Sometimes you do everything you’re supposed to be doing. You wash your hands regularly, you don’t stay up too late, you eat right, and of course, above all things, YOU GET YOUR FLU SHOT.
And sometimes, you get the flu anyway. Not a mild headache or some feverish feelings. Full on, honest-to-goodness, shaky-hands, drippy nose, thousands-of-blankets-make-me-shiver-and-this-sheet-makes-me-sweaty, WHY-DID-WE-BUY-ALL-OF-THESE-60000-WATT-BULBS-FOR-OUR-LAMPS flu.
When that happens, the very best thing is to admit you’ve got the flu, and to go to bed and get plenty of fluids and eat your soup, and see the doctor if you didn’t already.
What you shouldn’t do is try to go about life as if EVERYTHING IS FINE JUST AS PLANNED THANK YOU, coughing all over your loved ones and leaving a slug-like trail of leavings and tissues behind you.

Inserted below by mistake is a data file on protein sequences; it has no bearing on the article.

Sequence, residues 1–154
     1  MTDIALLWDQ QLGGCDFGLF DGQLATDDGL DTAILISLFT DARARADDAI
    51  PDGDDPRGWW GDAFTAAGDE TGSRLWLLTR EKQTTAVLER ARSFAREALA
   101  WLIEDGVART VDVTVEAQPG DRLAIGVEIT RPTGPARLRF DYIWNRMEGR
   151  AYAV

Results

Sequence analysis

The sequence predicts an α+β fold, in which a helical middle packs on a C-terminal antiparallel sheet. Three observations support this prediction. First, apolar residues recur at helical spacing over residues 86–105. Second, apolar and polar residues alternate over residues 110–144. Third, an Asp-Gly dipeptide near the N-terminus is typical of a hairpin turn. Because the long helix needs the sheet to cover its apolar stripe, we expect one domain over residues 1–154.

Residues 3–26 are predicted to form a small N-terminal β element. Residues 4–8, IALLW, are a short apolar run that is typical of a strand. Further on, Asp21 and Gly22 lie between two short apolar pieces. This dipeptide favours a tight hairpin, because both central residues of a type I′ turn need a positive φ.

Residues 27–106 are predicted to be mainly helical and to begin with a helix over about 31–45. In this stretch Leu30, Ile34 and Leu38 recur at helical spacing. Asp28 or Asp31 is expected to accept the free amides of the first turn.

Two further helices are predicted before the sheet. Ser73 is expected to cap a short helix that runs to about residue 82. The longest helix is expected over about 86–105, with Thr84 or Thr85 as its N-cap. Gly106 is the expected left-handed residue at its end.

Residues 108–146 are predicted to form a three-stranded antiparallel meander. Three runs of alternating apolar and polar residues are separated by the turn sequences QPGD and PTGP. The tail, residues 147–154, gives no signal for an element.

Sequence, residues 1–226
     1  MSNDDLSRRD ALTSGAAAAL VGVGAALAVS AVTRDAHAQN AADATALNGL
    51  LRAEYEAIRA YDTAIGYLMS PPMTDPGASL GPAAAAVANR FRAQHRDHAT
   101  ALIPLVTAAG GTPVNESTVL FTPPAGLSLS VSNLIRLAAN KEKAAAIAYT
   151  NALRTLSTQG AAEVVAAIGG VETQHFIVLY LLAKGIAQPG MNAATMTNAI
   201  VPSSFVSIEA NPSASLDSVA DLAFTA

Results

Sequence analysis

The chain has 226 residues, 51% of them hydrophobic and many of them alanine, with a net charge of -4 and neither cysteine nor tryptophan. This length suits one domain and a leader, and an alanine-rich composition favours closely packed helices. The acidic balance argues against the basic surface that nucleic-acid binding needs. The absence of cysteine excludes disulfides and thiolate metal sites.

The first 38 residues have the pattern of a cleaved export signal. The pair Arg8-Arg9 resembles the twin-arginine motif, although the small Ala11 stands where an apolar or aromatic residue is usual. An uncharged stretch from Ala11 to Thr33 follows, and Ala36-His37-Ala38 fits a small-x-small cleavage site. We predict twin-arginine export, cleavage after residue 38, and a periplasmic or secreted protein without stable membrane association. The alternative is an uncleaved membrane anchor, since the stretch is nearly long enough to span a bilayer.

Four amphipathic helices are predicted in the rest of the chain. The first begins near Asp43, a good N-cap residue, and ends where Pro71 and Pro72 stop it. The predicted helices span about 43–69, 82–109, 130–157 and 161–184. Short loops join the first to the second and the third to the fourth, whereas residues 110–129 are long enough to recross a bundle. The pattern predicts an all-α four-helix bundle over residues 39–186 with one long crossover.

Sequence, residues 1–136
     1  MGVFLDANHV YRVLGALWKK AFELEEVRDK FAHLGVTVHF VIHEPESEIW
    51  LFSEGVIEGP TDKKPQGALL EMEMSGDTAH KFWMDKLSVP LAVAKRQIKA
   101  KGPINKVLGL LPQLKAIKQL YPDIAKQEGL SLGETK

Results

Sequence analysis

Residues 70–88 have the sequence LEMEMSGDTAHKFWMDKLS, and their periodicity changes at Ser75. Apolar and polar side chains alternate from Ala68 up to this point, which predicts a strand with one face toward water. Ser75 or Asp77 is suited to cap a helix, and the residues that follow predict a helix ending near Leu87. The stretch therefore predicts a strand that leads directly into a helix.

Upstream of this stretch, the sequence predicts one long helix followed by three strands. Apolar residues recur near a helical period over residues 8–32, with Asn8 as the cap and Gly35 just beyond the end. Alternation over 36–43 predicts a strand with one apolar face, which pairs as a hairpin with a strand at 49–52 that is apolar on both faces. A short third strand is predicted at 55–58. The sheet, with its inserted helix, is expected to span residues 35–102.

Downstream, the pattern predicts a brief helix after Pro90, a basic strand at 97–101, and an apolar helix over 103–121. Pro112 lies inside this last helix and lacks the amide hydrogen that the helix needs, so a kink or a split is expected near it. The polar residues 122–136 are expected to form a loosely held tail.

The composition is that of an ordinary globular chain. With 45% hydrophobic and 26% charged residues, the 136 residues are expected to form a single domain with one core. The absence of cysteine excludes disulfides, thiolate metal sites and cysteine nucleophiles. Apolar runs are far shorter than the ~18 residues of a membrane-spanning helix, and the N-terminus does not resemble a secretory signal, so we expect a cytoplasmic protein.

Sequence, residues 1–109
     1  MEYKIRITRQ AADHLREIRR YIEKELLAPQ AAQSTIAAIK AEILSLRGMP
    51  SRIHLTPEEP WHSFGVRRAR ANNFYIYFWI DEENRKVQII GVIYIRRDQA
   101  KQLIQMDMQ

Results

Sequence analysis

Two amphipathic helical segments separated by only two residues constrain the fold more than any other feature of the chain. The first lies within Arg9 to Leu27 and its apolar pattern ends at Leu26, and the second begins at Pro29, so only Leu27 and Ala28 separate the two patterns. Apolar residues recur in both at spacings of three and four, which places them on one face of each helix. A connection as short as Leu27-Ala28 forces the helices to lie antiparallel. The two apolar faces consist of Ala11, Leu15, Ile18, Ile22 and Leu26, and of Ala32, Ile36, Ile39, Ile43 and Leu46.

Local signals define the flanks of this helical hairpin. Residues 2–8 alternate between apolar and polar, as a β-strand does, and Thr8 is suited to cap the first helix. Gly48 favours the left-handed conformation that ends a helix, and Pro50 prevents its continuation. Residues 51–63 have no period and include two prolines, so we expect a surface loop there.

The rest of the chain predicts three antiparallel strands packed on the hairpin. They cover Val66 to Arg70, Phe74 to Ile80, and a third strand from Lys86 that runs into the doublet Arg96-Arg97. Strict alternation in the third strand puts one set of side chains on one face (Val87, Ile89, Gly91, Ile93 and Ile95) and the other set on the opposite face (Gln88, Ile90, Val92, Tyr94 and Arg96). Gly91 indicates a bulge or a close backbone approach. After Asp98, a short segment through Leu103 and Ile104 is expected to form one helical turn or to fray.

It happens with writing too. Sometimes you spend all the time crafting that piece, and researching, and specifically targeting not just a market but even a very specific outlet, and you follow all their guidelines and you hear positive things from everyone who sees it, and then you get your letter and it starts out with something like “Dear Talented Writer, We regret to inform you …”
When that happens, it’s worth going to bed and getting plenty of fluids and eating your soup until you recover, and then getting back up and carrying on knowing you did everything you could and that something well beyond your control went awry. It doesn’t help to pretend that that particular magazine or publisher or website had it out for you, and it doesn’t help to second-guess all the correct things you did.
On the other hand, if you are staying up late and eating only beef jerky and chocolate-covered bacon chips and drinking only gin and forcibly applying your Chapstick to the lips of random passers-by and NOT GETTING YOUR FLU SHOT, don’t spend your hours in bed holding a grudge against the world or your would-be publisher.
(In other news, I really hope this is just a cold.)